Tuesday, April 23, 2013

Individual versus Collective Rights

One class I am taking during my last quarter at DU (almost done!) is the Discrimination, Minorities, and the Rights of Indigenous Peoples, and the major focus of the course is the debate on individual versus group, or collective, rights. Human rights, as defined in the Universal Declaration of Human Rights, refer to rights as applied to individuals by virtue of being human. Therefore, opponents to the idea of collective rights argue that since individuals are human and individuals are the ones who comprise a group, there is no need to make a distinction between individuals and groups. All individuals, regardless of the group they belong to, are subject to the human rights as outlined in major international documents. On the other side, proponents to the idea of collective rights emphasize that there is often a failure to recognize and celebrate differences among distinct populations and as a result, certain groups consistently have their rights violated. These certain groups must then be afforded additional protections to make sure their rights as individuals, and as group members, are protected.

While I am able to understand the position on each side, I see the problem elsewhere. The issue is not whether human rights belong to individuals, to groups, or to both; the major issue is who falls under the category of a human. The reason certain people are consistently discriminated against is the fact that dominant groups often do not see them as fully humans. If someone is not viewed as completely human, whether on the basis of race, ethnicity, religion, gender, sexuality, age, or nationality, that someone will not be regarded as deserving the rights afforded to humans. She will be treated as less than human and so will the entire group she belongs to. If that individual’s rights are not respected, why should we expect that the rights of the group she belongs to will be respected?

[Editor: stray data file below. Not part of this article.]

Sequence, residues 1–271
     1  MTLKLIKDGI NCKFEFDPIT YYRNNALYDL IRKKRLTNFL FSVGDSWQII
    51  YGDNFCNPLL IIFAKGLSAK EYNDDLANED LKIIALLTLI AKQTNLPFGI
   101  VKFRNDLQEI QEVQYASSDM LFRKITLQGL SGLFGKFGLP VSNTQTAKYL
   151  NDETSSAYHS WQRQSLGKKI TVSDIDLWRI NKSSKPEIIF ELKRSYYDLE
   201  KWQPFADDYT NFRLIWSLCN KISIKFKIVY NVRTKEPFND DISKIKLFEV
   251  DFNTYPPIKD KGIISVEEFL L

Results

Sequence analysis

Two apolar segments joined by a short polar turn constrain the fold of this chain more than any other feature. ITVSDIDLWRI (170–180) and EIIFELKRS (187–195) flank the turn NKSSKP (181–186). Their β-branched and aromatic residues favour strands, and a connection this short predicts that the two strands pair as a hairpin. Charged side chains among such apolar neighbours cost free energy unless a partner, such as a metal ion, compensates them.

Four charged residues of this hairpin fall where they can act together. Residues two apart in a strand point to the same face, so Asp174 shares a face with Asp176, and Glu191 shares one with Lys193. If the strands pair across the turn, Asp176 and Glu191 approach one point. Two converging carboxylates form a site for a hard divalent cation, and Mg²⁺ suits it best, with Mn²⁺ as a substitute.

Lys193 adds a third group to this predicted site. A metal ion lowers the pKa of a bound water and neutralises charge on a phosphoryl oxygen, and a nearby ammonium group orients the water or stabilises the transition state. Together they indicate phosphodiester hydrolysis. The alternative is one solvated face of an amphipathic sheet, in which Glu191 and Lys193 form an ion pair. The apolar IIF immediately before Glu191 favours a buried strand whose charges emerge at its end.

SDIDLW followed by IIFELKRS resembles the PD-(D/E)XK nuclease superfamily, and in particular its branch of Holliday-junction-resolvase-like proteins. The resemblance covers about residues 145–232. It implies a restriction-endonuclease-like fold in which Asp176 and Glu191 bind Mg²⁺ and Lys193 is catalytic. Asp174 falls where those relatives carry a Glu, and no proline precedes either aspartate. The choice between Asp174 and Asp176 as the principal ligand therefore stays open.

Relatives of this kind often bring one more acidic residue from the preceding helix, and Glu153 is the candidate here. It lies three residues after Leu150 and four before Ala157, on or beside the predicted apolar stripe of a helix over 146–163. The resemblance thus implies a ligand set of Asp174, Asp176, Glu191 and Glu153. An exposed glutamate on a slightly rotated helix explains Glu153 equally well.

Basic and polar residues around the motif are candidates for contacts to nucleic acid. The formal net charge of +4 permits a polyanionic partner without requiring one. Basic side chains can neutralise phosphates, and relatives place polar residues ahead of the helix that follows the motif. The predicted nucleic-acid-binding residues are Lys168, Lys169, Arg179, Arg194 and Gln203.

In my opinion, a focus on the debate about individual versus collective rights and on creating additional conventions and documents to protect these is a focus away from the real issue. Therefore, even though international documents on human rights are important to the further recognition of these rights, much more needs to be done in order for all people to be regarded as human and treated as such. 

-       Krasi

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